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From Verizon/Netflix/Max to Apple/Paramount, Bundling Is the New/Old Method to Keep Subscribers Happy

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Seasonal gifts have arrived early for viewers of streaming TV but the discounts on offer are not just for Christmas. Recent deals which have seen Verizon customers get a discounted package of Netflix and Max content and reports of a similar union between Paramount+ and AppleTV+ are the latest attempts by streaming service providers to stem churn and drive profit that will continue and spread throughout the industry well into the New Year. 

Wall Street likes it, at least when it come to the prospect of Paramount+ and AppleTV+ tieing the knot. Shares of Paramount Global traded up several percent on the news, even with no official announcement from either side. 

Streaming CEOs like the idea too--or least are reluctantly turning to the plan. After years of fending off competition perhaps they find safety in numbers. Bundling would provide greater discounts to consumers who are not prepared to consistently pay for stacks of standalone SVODs. 

Warner Bros. Discovery CEO David Zaslav, signalled the intent to bundle earlier this year, noting that consumers were feeling the pinch. “I think one of the things that we’re going to see as we look into the future is bundling," he said. “There should be a consolidation, and I think it’s more likely to happen in the repackaging and marketing of products together.” 

Disney has taken full control of Hulu and is in the process of combining content from Hulu and Disney+ into a one-app experience, of which boss Bob Iger said in May, “This is a logical progression of our (direct-to-consumer) offerings that will provide greater opportunities for advertisers while giving bundles of subscribers access to more robust and streamlined content.” 

The Wall Street Journal first reported AppleTV+ and Paramount in discussions about a potentially DTC bundle. Industry analysts have noted that both streamers have smaller content libraries than rivals like Disney. Of the major streamers Apple’s is the smallest, by choice. It started its video library essentially from scratch and has pursued a quality over quantity approach ever since.  

According to subscriber-measurement firm Antenna, in October, both streamers had more than 7% of viewers cancel their subscriptions – higher than the already high industry average of 5.1%. 

Both divisions also increased the price of their services this year: Paramount raised Essential tier by $1 and Premium offering by $2. In October, Apple upped its rate by $3, to $9.99 a month. Though they are by no means alone. Disney+ raised its monthly ad-free tier to $13.99 from $10.99 in October and Netflix is already warning subscribers to expect a further price hike in its basic plan in the aftermath of the strikes.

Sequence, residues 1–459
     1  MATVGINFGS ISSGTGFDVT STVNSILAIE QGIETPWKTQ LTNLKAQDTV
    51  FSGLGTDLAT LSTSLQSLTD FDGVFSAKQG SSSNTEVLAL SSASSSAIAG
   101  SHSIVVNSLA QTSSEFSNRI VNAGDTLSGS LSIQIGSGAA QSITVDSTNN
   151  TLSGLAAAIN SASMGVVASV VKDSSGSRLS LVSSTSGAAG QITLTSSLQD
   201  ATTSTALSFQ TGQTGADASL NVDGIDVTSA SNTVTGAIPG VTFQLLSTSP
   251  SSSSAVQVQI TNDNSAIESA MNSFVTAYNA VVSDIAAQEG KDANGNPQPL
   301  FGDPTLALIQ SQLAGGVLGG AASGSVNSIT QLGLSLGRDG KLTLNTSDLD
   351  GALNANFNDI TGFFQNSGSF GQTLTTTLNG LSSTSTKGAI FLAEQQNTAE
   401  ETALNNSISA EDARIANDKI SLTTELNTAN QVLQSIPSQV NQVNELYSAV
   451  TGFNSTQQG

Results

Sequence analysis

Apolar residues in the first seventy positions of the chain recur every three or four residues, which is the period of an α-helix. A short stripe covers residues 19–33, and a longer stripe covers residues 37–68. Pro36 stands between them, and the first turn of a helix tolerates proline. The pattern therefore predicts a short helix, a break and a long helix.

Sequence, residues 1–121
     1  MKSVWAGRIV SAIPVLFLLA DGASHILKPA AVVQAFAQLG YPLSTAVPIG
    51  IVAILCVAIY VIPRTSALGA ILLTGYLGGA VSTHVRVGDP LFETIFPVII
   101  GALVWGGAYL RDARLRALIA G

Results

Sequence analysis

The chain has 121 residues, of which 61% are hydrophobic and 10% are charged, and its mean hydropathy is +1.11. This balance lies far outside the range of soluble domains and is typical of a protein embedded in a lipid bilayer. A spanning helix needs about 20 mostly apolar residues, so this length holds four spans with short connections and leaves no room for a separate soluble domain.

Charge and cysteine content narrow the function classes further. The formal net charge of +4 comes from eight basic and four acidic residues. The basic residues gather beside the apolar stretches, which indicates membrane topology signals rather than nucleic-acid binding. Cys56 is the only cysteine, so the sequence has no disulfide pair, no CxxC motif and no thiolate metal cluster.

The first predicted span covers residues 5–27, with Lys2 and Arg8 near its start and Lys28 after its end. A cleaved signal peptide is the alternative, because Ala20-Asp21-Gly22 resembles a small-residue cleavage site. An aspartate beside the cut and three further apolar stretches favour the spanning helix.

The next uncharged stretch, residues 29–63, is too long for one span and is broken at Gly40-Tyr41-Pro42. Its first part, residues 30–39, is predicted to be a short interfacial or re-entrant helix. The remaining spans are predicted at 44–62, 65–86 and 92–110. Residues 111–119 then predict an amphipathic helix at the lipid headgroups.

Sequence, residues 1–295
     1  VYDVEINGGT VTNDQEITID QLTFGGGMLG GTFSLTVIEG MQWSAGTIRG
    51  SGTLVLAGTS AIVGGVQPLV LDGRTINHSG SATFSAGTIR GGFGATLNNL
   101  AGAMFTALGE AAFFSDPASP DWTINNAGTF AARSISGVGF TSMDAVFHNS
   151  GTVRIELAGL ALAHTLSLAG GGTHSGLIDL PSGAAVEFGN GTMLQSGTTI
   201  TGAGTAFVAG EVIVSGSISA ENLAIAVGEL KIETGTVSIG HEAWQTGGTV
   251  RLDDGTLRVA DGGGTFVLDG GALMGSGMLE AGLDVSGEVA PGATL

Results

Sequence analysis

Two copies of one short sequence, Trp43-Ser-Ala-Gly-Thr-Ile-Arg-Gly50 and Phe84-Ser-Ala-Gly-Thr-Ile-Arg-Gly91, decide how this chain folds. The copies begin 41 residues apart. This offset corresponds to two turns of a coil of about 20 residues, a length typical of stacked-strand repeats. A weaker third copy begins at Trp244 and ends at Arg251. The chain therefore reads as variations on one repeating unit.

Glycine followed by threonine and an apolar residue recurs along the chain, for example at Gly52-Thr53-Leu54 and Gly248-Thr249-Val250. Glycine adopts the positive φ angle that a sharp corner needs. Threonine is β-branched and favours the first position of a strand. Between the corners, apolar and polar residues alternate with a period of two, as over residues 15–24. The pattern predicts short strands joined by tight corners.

AppleTV+, though, does not yet have an ad tier – making fighting audience defections more of a priority. 

As noted by The Hollywood Reporter, Apple has had success with a bundle of its own services (Apple One includes services like Apple TV+, Apple Music, Apple Arcade, Apple News and cloud storage), but as it seeks to grow its streaming video service to profitability, it seems open to partnering with other players in the space to keep subscriptions consistent and to reduce churn. 

It is transparent that the rising cost of living in North America as in Europe is forcing consumers to be more judicious in their TV spend. Streamers have it in their gift to offer economies of scale that consumers crave, potentially with access to move content at more favourable pricing. 

But as several commentators note, this is another swing back to the cable delivered pay TV of yesteryear. 

Jeremy Haft, CRO of Digital Remedy, told Forbes, that the trend is, “Ironically, similar to how cable packages operate. In addition, these platforms are finding ad supported tiers offer potentially better margins and also an additional way to create cost-effective experiences for customers.” 

Dan Goman, streaming and entertainment expert and founder of Ateliere Creative Technologies, told ConsumerAffairs, “The only way forward is the bundle, which might not bode well for consumers as it in its mature form inevitably reduces choice and access to only the content we love most.” 

While we are still in the early stages of the reinvention, industry veterans understand where this is headed. He warned, “The bloated bundle with three of the channels you actually want to watch and 300 channels you don’t really care about.” 

Striking such deals is also complex at corporate level. Companies see less revenue per user when adding customers through promotions and bundles compared to direct sales, the WSJ reported in October 2022. Netflix and Warner Bros for example will have to share revenue with Verizon. 

According to Erin McPherson, SVP at Verizon (per the WSJ) streaming bundles are happening “faster than we thought" and are "here to stay.” Verizon also has a separate bundling deal with Disney.  

Verizon's CEO, Hans Vestberg, has said that creating new types of bundles is a company priority. Another telco could act as the third party for the bundle between AppleTV+ and Paramount+ 

Another mooted tie-up is between Amazon and Roku.  

As Hunter Terry, Head of CTV at Lotame, noted to Forbes, “Why spend $10-30 a month for three or more streaming services, to see movies and shows that you will never watch? Now is a time consumers are reevaluating what makes the cut in their lives. Streaming services are constantly focused on churn reduction. Bundling is one way to overcome this challenge by making it more accessible and more affordable for consumers to sign up to multiple platforms.” 

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